The Bank of England has said it will consult on whether to withdraw its affordability measure which borrowers currently have to pass if they want to take out a mortgage with a UK lender.
The rule requires a borrower to earn enough income to afford their mortgage repayments even if interest rates rise by 3 per cent above the rate stated on their contract.
It is designed to limit the risks of excessive mass household debt, particularly during times when house prices grow more rapidly, as they have done throughout this year.
If dropped, the rule change could see far more borrowers able to take out larger mortgages than they could do prior to the stress test.
The Financial Policy Committee’s initial review, cited by the Bank of England yesterday (December 13), argued its loan-to-income limits, paired with the Financial Conduct Authority’s rules on affordability testing, “should be enough [combined] to protect UK financial stability” and “would also make the rules simpler”.
The FCA requires mortgage lenders to assume interest rates will rise by a minimum of 1 per cent over the first five years of a new mortgage in their affordability tests.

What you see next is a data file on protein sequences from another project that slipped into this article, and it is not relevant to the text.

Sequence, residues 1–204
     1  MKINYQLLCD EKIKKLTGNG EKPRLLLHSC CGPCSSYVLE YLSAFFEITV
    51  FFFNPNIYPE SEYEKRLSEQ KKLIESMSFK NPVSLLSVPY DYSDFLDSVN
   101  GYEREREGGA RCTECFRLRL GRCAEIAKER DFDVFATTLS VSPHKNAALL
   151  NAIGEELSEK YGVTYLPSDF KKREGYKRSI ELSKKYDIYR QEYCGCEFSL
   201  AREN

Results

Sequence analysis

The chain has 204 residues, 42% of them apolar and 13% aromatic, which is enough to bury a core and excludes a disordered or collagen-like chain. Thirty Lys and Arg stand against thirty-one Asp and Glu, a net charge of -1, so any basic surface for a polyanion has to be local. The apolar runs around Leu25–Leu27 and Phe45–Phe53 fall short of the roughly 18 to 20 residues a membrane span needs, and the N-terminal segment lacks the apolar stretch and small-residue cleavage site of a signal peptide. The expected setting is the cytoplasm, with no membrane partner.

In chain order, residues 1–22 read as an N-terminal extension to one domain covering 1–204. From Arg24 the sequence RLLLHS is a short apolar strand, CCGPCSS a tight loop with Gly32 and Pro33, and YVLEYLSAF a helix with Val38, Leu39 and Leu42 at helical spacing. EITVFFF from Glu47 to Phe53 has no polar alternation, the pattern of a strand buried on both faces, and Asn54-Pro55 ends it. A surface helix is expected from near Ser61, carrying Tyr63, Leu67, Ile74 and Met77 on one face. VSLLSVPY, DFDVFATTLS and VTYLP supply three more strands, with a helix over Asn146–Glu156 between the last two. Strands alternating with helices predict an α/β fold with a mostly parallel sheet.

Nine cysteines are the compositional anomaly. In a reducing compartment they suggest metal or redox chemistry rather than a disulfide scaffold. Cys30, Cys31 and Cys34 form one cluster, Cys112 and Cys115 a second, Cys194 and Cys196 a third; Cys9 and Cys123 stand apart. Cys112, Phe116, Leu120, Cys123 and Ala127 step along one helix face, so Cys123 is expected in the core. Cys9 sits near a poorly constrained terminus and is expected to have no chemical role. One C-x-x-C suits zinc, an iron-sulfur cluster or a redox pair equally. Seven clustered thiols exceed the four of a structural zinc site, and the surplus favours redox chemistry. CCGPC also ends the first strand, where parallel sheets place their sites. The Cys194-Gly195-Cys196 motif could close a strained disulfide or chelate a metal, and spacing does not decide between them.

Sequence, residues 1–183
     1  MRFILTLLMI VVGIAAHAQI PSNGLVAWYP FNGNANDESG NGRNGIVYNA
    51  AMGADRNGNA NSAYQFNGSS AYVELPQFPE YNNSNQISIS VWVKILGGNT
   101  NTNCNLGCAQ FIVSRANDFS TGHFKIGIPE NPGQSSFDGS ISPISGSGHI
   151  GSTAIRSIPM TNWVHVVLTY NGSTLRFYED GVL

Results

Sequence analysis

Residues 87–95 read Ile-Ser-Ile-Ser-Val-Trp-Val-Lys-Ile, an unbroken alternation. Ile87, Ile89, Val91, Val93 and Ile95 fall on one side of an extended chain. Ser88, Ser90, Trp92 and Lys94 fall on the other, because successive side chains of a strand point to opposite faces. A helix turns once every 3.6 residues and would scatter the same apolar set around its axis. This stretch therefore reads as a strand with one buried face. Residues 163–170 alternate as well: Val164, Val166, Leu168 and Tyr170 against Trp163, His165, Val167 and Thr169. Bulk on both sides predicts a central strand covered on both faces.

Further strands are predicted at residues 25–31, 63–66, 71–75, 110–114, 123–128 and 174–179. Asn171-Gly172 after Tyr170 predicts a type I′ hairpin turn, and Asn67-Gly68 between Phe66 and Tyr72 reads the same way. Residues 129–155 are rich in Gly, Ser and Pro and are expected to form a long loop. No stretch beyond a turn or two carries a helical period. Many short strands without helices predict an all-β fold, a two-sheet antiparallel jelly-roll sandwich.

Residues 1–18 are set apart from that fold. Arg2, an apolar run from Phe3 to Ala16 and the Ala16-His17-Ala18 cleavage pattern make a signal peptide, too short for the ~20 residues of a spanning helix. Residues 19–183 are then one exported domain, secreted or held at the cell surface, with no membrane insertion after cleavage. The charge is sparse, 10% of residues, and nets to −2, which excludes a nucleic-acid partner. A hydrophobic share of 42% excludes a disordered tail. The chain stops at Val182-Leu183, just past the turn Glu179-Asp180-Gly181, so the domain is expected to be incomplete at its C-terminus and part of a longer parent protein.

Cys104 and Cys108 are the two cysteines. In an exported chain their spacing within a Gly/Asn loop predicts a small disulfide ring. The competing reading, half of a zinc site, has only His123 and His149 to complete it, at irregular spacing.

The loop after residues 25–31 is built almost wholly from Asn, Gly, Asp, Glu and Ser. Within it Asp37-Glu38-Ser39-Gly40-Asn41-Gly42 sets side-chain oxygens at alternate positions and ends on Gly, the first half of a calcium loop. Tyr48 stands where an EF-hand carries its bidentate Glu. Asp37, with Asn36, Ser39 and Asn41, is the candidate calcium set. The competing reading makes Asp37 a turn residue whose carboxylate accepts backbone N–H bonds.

With a stress test still in place, but at a lesser per cent, the FPC "therefore intends to consult in 2022 Q1 on withdrawing its affordability measure", the central bank said.
Explaining its reasoning for the proposed change, the Bank of England said the FPC found its measure on lending at high loan-to-incomes - which will remain unchanged - was “more effective at reducing risk in a housing boom”, while also having less impact on borrowers in normal times.
“The affordability test implies a different maximum level of indebtedness for each individual borrower, as each affordability assessment will depend on individual borrower circumstances,” the Bank of England said,
“This means that, unlike the loan-to-income flow limit, its effect is less likely to be contained to the riskier parts of the distribution of household debt.”
The FPC’s loan-to-income ratio rule means no more than 15 per cent of all new mortgages up and down the country can have loan-to-income ratios of 4.5 or higher.
The share of new mortgages at loan-to-income ratios of 4.5 or higher was 10.4 per cent in 2021 Q1, which the Bank of England called “a marginal increase” from 9.5 per cent in 2020, and highlighted was “lower than its pre-global financial crisis level”.
“Despite a small uptick in 2021, the proportion of households with mortgage debt-servicing ratios at or above 40 per cent has been steady at around 1–1.5 per cent, and remains significantly below levels seen just prior to the global financial crisis,” the Bank of England said.
Adam Hosker, director of broker Bespoke Finance, tweeted that instead of changing affordability rules, borrowers should be able to demonstrate an affordable budget.
“Most renters pay a multiple of a mortgage payment in rent but still [listed] ‘not affordable’,” he said.
Miles Robinson, mortgages head at online broker Trussle, said any changes to affordability “should be approached with an air of caution”.